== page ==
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Welsh transport minister Peter Hain has called for all those who plan, run, use and live with our transport systems...
Welsh transport minister Peter Hain has called for all those who plan, run, use and live with our transport systems to help him identify the opportunities for and the obstacles to the development and implementation of integrated transport policies in Wales.

Speaking at an Institution of Highways and Transportation seminar in Cardiff, Mr Hain said: 'Good communications are essential for a strong economy and are central to our quality of life. Our aim must be, therefore, to ensure that people and goods are moved around in a clean, safe and efficient transport system which is designed to meet the needs of the travelling public and business community while ensuring that the environment is not damaged, and, if possible, is enhanced.

'The transport system we have inherited is too fragmented, insular an inflexible with each different mode reluctant to integrate timetables and services with other modes of transport. The needs and requirements of the travelling public and business community should be paramount. They, after all, are the reasons for the services being there in the first place, yet too often their needs - our needs - have been ignored by transport operators.

'It is time to introduce efficient, integrated and relevant services which clearly address the needs and requirements of those who actually use and pay for transport systems and offer people a genuine alternative to the door-to-door flexibility of the car. We need easier and more reliable connections for passengers and freight, safer and more accessible interchange facilities, with bus, rail and taxi facilities located closer together.

'We need to make the best use of technology and to ensure the easy availability of information about routes, services, pricing and tickets. We need more and better integration of transport and land-use planning.'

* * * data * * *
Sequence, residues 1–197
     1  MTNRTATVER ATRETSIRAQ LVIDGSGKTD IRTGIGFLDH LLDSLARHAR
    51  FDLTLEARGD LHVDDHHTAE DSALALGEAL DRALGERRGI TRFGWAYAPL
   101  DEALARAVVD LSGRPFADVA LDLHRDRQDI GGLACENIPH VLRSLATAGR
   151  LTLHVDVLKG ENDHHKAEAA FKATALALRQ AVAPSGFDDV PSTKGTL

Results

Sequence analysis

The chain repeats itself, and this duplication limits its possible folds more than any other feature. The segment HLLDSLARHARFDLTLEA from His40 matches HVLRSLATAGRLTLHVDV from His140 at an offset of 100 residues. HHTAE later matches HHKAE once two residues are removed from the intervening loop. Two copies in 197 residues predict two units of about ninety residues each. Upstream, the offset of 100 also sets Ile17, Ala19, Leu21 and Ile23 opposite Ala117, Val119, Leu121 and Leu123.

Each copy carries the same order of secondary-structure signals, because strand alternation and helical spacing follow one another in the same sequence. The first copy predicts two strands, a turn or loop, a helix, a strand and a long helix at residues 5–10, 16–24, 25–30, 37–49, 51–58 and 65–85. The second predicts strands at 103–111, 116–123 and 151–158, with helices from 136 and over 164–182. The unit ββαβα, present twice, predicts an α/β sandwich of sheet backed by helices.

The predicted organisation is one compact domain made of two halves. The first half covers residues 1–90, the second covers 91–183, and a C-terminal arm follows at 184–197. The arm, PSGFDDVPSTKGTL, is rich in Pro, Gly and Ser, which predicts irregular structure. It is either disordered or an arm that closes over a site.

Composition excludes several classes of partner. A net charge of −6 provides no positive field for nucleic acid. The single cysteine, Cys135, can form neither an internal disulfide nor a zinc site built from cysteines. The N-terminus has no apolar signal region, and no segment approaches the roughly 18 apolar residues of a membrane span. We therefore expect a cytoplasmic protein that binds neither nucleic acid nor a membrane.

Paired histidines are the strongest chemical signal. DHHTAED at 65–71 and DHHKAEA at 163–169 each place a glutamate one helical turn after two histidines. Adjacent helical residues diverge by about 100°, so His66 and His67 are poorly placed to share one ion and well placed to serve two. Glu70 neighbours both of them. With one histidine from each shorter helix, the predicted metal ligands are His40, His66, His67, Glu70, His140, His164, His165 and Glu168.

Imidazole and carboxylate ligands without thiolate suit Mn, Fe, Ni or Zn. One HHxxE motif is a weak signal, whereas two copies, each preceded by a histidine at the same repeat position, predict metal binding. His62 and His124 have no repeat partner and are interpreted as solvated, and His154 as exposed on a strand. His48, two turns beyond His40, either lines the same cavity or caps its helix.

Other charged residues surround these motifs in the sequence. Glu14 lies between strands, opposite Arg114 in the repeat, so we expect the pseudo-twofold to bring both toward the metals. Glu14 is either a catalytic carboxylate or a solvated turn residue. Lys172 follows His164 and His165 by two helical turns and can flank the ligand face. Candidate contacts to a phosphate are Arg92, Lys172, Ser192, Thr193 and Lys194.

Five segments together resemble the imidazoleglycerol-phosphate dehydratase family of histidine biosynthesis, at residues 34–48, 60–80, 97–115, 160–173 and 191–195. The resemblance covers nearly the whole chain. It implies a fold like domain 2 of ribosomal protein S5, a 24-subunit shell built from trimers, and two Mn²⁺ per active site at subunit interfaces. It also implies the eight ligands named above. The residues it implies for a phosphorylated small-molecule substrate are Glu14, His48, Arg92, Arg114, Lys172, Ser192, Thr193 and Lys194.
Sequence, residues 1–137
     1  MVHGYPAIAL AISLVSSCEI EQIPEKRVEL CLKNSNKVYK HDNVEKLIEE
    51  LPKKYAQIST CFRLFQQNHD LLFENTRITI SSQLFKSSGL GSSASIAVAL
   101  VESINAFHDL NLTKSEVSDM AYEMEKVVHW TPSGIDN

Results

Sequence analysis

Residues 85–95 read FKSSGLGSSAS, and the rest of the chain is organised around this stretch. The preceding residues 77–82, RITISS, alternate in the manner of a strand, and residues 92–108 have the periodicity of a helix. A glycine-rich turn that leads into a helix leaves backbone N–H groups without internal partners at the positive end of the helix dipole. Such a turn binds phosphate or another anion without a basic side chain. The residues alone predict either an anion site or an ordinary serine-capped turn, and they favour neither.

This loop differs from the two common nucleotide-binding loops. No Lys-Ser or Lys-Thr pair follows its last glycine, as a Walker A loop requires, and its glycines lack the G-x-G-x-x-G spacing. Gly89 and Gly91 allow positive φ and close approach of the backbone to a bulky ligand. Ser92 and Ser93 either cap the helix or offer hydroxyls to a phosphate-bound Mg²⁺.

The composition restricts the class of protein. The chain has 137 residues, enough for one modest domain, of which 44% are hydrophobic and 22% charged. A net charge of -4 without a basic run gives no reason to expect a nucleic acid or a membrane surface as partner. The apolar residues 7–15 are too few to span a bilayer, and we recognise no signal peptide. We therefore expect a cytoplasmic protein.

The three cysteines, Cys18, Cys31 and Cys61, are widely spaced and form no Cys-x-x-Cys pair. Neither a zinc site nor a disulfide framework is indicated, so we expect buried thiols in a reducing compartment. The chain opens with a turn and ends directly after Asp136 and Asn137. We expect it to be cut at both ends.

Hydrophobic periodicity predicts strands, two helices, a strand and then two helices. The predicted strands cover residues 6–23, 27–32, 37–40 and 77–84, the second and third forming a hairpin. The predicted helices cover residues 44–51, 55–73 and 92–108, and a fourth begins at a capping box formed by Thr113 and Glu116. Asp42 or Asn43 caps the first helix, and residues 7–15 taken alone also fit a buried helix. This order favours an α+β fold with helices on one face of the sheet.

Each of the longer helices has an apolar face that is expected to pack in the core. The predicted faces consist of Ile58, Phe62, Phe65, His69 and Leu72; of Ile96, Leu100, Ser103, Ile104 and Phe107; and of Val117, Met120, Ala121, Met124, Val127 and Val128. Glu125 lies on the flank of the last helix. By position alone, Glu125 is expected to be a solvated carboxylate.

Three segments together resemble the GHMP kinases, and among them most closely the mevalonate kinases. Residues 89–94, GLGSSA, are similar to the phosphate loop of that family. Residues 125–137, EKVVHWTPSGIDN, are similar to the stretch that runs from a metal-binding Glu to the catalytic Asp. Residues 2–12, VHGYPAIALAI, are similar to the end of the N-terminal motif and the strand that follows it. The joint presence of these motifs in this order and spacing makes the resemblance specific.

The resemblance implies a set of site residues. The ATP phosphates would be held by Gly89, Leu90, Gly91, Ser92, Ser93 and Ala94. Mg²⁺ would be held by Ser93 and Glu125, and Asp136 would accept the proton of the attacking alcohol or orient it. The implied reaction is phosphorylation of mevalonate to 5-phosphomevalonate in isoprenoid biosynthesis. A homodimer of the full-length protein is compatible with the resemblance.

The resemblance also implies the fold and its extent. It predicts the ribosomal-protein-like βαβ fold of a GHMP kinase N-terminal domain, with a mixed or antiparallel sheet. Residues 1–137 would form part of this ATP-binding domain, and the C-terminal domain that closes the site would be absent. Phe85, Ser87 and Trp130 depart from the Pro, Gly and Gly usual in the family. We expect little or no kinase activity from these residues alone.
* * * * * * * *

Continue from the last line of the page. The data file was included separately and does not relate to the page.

Mr Hain made it clear that the government is not anti-car and that he wants to explore every mode of transport, striking a balance to get the best out of every aspect of the transport infrastructure.

'I cannot pre-empt the consultation exercise but it seems likely that we will need a combination of 'carrots an sticks'. There will obviously be a role of some sort for fiscal policy, pricing and regulation. Maybe there is a case for restraining use of cars, vans and lorries in some circumstances. There may be practical measures we can take to encourage less environmentally damaging forms of freight transport, perhaps by changing and improving the government's freight grants scheme. It may be that we could develop new funding mechanisms or income streams and use them to improve the quality of public transport.

'The coming of the assembly makes it even more vital to examine links of all kinds between north and south Wales, while our commitment to the development of north-west and south-west Wales requires an appraisal of the overall transport needs of those areas.

'We are determined to change the way the transport system operates, although weaccept that changing attitudes and working practices will not be easy for the service providers. We recognise that it will require a major sea change in thinking and planning which will not happen overnight.'

Mr Hain is establishing a Welsh transport advisory group. It will meet for the first time next month. There will also be a Welsh transport conference on 8 December. He will also publish a separate Welsh Transport Policy Statement next year.

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